Things to know when working in ceilings

The past few days, my day job has found me crawling through a ceiling space installing permanent hardware (all-thread) into concrete. This combines all the problems of working at height with all the problems of working in confined spaces. However difficult this seems when you first picture it, it’s probably worse than that.

Here’s what we’ve learned:

* Only step on things that you can visibly see are attached to the concrete above you.

*If in doubt, you have to crawl.

* The hardest part will always be turning around. If you can plan a circular route – do that.

* A 5′ 2×4 is the most mobile (and this a relative term) means to span the typical and frequent 4′ gaps of spaces where nothing will hold your weight.

* Don’t wear clothes you care about – or ever want to wear again.

* Have extra batteries for your headlamp.

* Before you move, make sure you have all your tools ready to move with you. OK? Check again. There is little worse than crawling 30 feet inch by inch under conduit and over exposed drywall screws to discover that your wrench is still sitting where you left it.

* We spent the better part of the first day just measuring things – and as a result, we’re ahead of schedule.

* Even with a cap or bandana, you’re going to need to wash the concrete and insulation dust out of your hair every night.

* Unless its an active construction site (and this is not) no one is going to crawl into the ceiling to steal your tools.

* God made cordless Hilti TE6 hammer drills because He loves us, and He wants us to get shit done.

* And if you’re not in shape for this sort of thing, remember that you’re going to wake up 20 years older every morning until the job is done.

(And don’t plan on having energy to blog when you get home…)

Oh – and hey, because some people apparently are not aware of this, Little League Games are not an appropriate venue for drinking beer. Really.

Now you know.

What suspends everything above our heads [9/22/08]

Today’s gig was going into a new church, and straightening out some lighting pipes that had been hung crookedly. Now, when we got into lifts and ladders and lifted the drop ceiling panels, we saw stupid things. But, you have to realize, these were hung several months ago, before there was a drop ceiling, or AC ducts, or even interior walls.

That meant a lot of guessing as to what would be level and/or straight, and they guessed wrong. It wasn’t crooked because the hardware was mounted improperly (although that didn’t help). It was crooked because the floor, the surface they must’ve measured from, was not level.

Correcting the height is no big deal, but there was one pipe we had to move, and to do that we needed to create a new place to hang it, where there was otherwise only AC duct. So we ordered some all-thread.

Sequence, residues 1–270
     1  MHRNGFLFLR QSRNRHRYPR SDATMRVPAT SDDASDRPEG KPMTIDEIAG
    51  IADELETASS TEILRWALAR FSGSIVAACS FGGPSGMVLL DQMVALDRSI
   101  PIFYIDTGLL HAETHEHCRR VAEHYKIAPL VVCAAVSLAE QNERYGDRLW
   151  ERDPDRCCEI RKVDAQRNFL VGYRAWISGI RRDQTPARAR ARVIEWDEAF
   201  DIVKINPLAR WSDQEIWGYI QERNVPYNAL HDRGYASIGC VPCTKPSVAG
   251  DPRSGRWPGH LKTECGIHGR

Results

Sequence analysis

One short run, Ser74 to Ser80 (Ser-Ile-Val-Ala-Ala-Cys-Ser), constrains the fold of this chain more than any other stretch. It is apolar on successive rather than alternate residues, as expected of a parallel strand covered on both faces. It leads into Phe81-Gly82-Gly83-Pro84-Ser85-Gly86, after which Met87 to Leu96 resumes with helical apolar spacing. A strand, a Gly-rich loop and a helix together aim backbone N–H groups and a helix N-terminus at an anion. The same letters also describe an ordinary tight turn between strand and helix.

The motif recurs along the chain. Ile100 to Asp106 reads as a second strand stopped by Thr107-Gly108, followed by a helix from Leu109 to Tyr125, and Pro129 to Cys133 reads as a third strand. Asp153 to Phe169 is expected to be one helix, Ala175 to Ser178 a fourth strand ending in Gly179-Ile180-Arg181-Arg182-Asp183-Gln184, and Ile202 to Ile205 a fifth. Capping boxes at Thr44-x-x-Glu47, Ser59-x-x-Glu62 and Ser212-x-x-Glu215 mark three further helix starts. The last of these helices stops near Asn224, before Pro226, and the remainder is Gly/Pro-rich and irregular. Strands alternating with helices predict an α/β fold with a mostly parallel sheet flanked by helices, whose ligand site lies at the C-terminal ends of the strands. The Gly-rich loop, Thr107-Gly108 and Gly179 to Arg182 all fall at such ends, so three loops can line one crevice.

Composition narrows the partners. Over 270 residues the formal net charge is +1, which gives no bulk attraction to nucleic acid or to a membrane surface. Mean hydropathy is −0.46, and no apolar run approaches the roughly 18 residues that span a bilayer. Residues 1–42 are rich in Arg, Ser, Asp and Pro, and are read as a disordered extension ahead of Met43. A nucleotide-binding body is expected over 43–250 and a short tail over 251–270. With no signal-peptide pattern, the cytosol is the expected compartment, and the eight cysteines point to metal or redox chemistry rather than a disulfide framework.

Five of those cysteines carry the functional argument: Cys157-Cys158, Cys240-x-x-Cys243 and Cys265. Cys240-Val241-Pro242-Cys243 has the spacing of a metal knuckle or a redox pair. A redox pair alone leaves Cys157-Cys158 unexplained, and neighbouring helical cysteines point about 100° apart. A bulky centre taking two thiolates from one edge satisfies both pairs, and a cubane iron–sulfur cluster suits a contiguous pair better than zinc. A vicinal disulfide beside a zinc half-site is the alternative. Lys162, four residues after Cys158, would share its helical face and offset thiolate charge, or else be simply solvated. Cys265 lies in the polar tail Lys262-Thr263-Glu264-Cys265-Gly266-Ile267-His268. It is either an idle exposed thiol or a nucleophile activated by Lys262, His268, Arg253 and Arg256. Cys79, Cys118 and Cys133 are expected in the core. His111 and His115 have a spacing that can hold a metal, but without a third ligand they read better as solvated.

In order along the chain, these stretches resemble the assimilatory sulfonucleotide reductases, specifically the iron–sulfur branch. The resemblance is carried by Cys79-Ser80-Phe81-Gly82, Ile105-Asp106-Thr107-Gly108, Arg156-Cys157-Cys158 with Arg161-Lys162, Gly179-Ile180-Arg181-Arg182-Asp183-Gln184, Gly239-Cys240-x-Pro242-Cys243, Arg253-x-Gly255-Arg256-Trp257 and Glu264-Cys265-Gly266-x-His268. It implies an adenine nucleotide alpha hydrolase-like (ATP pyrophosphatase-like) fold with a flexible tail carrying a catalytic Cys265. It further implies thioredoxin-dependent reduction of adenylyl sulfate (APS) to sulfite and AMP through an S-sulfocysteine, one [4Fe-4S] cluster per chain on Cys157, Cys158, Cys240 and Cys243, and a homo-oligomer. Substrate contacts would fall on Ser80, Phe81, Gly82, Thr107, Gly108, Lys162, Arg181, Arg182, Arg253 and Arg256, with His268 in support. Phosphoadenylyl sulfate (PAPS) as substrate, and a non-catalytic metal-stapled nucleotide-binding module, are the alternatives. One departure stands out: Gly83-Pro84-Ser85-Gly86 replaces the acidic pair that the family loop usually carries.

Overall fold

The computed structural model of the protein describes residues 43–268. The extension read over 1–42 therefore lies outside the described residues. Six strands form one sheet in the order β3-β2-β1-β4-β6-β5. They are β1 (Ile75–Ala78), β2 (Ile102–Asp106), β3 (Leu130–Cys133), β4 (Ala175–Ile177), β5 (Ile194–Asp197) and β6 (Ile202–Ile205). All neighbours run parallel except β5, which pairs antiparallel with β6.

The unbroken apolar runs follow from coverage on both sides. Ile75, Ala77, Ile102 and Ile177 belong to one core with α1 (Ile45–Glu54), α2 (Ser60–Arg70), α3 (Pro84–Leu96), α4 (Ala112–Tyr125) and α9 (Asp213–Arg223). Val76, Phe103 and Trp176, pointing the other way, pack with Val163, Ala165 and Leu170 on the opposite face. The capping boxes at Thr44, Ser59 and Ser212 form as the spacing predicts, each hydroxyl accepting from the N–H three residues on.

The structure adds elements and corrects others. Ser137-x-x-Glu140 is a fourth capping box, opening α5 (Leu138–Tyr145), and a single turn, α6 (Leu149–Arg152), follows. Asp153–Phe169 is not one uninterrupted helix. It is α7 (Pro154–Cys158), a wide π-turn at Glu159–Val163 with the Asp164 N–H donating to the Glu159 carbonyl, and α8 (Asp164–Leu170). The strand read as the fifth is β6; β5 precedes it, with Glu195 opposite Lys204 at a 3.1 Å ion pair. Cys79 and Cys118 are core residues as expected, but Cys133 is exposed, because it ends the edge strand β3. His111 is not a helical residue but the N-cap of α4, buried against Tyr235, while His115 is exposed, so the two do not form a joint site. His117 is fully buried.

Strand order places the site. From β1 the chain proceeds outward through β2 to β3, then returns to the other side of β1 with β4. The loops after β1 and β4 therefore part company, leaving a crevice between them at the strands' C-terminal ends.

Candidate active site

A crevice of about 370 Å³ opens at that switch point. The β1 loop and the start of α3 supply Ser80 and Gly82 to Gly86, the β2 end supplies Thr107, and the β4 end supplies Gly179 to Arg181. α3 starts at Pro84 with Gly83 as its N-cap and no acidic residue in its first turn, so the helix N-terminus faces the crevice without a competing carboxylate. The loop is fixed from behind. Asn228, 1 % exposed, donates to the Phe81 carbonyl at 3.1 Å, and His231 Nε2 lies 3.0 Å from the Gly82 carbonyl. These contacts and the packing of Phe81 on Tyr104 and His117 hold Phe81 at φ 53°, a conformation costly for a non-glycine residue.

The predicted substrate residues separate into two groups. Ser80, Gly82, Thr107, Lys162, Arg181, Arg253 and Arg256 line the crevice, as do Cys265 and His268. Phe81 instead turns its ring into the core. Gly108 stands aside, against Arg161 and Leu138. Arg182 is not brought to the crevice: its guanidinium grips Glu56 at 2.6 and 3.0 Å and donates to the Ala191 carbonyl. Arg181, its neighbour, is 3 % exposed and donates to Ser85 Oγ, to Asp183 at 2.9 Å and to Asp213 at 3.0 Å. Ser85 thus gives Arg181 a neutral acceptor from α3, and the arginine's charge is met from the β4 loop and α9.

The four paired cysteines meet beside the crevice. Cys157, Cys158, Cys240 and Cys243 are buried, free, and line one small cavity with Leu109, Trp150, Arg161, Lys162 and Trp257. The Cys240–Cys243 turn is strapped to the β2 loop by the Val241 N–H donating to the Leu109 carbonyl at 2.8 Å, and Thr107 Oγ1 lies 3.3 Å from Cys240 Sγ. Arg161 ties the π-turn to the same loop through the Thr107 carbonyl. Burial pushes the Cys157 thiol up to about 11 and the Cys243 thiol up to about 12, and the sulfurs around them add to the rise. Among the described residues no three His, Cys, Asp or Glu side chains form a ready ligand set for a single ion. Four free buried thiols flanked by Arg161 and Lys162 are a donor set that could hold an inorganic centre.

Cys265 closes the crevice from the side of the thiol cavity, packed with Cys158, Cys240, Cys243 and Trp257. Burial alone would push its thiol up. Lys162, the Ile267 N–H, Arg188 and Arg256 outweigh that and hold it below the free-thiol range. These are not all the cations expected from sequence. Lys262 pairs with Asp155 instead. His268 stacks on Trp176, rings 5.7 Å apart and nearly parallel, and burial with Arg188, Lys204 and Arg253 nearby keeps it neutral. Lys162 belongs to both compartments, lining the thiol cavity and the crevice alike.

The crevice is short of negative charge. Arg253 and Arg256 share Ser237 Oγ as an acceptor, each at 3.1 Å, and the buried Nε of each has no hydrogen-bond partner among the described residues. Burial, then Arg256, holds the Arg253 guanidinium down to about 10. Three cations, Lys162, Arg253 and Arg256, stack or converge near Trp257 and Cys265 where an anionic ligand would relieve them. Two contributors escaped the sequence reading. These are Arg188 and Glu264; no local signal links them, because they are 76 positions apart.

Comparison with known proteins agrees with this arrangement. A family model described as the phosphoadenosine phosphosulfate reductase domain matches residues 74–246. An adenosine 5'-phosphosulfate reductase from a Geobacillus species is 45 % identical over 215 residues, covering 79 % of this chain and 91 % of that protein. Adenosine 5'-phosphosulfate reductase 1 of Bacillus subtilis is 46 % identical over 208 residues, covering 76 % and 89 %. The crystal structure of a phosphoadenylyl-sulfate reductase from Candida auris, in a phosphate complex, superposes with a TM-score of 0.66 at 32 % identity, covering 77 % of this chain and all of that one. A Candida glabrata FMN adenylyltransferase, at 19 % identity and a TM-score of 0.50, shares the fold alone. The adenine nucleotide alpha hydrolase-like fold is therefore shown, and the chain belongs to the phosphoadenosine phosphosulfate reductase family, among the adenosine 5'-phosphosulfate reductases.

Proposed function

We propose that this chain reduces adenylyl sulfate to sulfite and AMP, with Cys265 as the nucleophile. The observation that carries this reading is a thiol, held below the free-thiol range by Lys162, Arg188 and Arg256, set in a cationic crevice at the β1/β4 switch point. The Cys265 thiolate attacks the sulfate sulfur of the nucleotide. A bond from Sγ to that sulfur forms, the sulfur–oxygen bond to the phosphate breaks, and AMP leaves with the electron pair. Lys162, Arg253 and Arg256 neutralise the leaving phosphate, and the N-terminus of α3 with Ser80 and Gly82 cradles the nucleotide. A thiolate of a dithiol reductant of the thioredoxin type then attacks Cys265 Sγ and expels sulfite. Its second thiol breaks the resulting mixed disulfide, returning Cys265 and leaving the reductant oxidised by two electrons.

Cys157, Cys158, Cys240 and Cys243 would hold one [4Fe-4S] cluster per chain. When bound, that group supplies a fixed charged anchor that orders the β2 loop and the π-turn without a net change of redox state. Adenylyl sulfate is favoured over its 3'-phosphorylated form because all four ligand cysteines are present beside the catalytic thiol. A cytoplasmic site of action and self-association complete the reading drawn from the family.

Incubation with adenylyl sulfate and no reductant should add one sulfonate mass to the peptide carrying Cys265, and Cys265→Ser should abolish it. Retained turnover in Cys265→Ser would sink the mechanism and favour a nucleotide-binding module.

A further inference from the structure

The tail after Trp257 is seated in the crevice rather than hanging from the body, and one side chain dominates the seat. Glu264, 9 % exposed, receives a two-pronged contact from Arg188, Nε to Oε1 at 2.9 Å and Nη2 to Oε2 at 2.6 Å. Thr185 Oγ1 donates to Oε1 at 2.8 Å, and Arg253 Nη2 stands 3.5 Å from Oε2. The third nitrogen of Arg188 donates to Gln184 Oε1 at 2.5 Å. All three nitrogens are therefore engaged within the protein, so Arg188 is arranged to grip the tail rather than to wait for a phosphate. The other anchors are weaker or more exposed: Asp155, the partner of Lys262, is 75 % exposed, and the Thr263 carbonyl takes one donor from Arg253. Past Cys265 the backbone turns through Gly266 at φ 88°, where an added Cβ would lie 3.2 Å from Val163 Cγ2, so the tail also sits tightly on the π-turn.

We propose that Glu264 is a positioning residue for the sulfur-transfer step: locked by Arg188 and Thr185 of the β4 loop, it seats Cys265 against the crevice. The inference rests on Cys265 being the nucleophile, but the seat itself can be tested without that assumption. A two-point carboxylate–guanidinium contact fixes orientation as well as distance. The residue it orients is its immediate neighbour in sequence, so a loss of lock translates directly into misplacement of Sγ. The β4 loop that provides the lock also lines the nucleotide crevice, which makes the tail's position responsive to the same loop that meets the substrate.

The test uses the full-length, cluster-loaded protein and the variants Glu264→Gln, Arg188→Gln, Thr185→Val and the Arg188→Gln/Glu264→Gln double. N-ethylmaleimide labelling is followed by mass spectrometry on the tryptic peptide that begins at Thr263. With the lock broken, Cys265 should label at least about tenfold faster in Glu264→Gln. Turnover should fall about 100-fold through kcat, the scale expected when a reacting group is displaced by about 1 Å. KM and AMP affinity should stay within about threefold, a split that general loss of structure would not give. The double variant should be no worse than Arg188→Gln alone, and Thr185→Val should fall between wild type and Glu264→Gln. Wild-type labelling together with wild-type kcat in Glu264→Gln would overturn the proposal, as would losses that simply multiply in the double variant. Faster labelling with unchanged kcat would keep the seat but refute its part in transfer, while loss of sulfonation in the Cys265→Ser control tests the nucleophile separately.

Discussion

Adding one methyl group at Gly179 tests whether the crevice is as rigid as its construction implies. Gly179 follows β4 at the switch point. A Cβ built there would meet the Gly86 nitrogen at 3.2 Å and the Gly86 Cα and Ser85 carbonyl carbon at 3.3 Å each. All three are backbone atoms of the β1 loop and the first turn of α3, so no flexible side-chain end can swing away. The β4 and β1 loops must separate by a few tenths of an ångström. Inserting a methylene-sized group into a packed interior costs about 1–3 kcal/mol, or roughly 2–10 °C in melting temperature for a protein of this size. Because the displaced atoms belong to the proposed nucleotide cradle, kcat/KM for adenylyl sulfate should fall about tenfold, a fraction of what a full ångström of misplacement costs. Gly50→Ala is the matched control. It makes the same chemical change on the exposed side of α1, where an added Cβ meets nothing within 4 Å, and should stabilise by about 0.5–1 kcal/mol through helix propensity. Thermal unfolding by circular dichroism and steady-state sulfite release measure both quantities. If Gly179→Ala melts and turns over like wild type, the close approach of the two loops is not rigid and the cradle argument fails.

All-thread, to a certain but real extent, is what keeps western civilization – or at least its casula architecture – from falling down upon our heads. Look up in the ceiling in some large, public building,sometime. Anything heavier than you are is likely suspended by all-thread.

(It’s more properly called threaded rod, but everyone calls it all-thread.)

All thread is nothing more than a contnuously threaded metal rod, usually coming in 10′ lengths (in the US). Like a 10′ long bolt. That’s a bit too long for what we usually do, so we cut it. The trick is, cutting it almost always boogers the threads, so you can’t thread the nut – which defeats the purpose of getting all thread in the first place.

What I learned today is that you simply cannot make a clean cut through all-thread with a hand-held reciprocating saw. I’ve tried everything. Long ago I learned that carefully leveling and securing the rod before cutting it merely means it takes longer to booger the treads with the saw. And today, I dispelled (for myself at least) the myth that laboriously running to bolts to either side of the cut will help preserve the thread. It won’t. And your co-worker will merely sigh.

The only thing for it is to de-booger the threads with a metal file (the one on my Leatherman works great for this). Make sure you get this step done before you go in the ceiling. I can usually clean the thread enough to force a nut on within five minutes, even after my own hasty, sloppy saw cut.

Speaking of things held up with more faith than the skill involved probably merits, Cramer – yeah that Cramer – went on for the better part of his show about how you need to sell stocks and buy gold because the sky’s about to fall. You, in the late innings of a close game, Cardinals manager Tony LaRussa will change pitchers for almost every different batter. So there are a lot of commercials. So I watch whichever cable news show isn’t running a commercial right at that moment, and tonight it was Cramer. And he said the same thing every time. If the bail-out doen’t pass, it will be Great Depression II. Buy gold before it gets to $1000/oz.

Diamondbacks pitcher Brandon Lyon had two Cardinals in scoring position with no outs, and got a double play and a pop up to leave the inning with a 4-2 lead intact. Almost gives a man hope for the future.

Banking is like rigging. It’s gonna get fixed because it has to get fixed. The only questions are how long and how much.

Tomorrow, I’m getting up in the morning and going to work as if the paper economy is going to sort itself out, and walk under the ceiling as if the all-thread is rigged correctly. The Diamondbacks are back in the pennant race whether the banks seize up or not. So now its up to the lawyers and bankers to fix their mistakes.